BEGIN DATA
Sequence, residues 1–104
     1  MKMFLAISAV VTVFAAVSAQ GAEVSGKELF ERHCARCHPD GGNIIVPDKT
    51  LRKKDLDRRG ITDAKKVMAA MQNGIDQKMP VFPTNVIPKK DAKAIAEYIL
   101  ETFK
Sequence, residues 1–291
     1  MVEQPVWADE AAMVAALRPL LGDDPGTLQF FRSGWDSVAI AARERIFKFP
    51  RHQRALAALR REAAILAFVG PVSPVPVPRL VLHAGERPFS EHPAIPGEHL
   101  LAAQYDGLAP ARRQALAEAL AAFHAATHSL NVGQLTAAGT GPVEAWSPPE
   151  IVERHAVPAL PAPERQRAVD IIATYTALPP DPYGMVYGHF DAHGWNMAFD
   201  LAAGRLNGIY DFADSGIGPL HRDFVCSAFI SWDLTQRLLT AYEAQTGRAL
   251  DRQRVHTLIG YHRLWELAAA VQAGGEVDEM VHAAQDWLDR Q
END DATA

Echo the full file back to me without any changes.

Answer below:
Sequence, residues 1–104
     1  MKMFLAISAV VTVFAAVSAQ GAEVSGKELF ERHCARCHPD GGNIIVPDKT
    51  LRKKDLDRRG ITDAKKVMAA MQNGIDQKMP VFPTNVIPKK DAKAIAEYIL
   101  ETFK
Sequence, residues 1–291
     1  MVEQPVWADE AAMVAALRPL LGDDPGTLQF FRSGWDSVAI AARERIFKFP
    51  RHQRALAALR REAAILAFVG PVSPVPVPRL VLHAGERPFS EHPAIPGEHL
   101  LAAQYDGLAP ARRQALAEAL AAFHAATHSL NVGQLTAAGT GPVEAWSPPE
   151  IVERHAVPAL PAPERQRAVD IIATYTALPP DPYGMVYGHF DAHGWNMAFD
   201  LAAGRLNGIY DFADSGIGPL HRDFVCSAFI SWDLTQRLLT AYEAQTGRAL
   251  DRQRVHTLIG YHRLWELAAA VQAGGEVDEM VHAAQDWLDR Q